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Driver strikes St. Paul parrot sanctuary

ST. PAUL—A man drove into a St. Paul building that houses a parrot sanctuary, filling the interior with natural gas, damaging a wall and leaving parrots' cages smashed, according to police and the organization.

No people or birds were injured in the Tuesday morning crash, although workers of Midwest Avian Adoption and Rescue Services described a chaotic scene where they feared for the roughly 80 parrots living there.

Police were called to the building at 10:50 a.m. Tuesday. A 49-year-old woman said she was dropping off her daughter in front of the building when she saw a sedan heading south.. The car jumped the curb and struck the building, according to Steve Linders, a St. Paul police spokesman.

The driver backed out of the building, off the curb, back onto the avenue and drove away with the car's front bumper dangling, Linders said. The witness got the license plate number.

The impact sent natural gas fumes rushing into the building, said Galiena Cimperman, executive director of the nonprofit. Cimperman said firefighters arrived on the scene while one of her volunteers was trying to get all the birds out of the building.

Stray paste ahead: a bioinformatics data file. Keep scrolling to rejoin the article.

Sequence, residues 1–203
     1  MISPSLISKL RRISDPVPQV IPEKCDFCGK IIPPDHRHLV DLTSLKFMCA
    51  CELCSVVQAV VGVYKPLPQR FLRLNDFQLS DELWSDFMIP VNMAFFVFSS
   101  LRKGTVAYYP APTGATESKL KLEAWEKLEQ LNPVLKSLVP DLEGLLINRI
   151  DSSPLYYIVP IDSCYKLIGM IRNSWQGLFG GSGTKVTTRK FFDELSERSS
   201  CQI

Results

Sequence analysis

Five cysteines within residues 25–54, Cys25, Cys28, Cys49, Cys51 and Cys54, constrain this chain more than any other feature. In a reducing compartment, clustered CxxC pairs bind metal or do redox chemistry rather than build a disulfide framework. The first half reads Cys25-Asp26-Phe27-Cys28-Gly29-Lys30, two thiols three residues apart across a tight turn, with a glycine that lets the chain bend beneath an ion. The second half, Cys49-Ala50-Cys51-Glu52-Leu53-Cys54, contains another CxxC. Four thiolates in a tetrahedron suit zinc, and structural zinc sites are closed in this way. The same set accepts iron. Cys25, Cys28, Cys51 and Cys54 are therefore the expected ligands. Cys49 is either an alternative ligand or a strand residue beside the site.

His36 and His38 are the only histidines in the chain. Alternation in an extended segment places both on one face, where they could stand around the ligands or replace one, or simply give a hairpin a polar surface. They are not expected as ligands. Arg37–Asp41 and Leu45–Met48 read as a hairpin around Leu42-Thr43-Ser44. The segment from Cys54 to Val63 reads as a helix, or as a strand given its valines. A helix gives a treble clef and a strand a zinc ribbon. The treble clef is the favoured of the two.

"She was trying to get back in to get the birds out, but the firefighters wouldn't let her," Cimperman said. "I understand what they were doing, but birds have very sensitive respiratory systems. She just loves that flock."

Remarkably, none of the birds appeared to have been injured, she said.

West St. Paul police had talked with the man, identified as Jesse Luis Ellingson Diaz, 27, of Mendota Heights. Diaz said he'd lost control of his vehicle and struck something, which he knew was not a vehicle or person, according to Linders. He denied being distracted at the time of the crash and police did not detect any signs of impairment. He said he'd panicked and left the area, but then realized he had several flat tires and stopped to call for a tow truck, Linders said.

Police cited Diaz for failure to drive with due care and leaving the scene of an accident, according to a police report. He could not be reached for comment Wednesday.

On Wednesday, Cimperman said the birds were dispersed throughout the building, which suffered heavy damage to a brick wall that was partially falling into the building.

"We're kind of in a holding pattern right now until we hear from the inspectors and the insurance company," she said, noting the organization's budget is about $70,000 a year.

The group, known as MAARS, has set up a fundraising site and will use the proceeds to make repairs to the building. By Wednesday afternoon, the site had raised $10,450.

"The public support has been amazing," Cimperman said.

The St. Paul Pioneer Press is a Forum News Service media partner.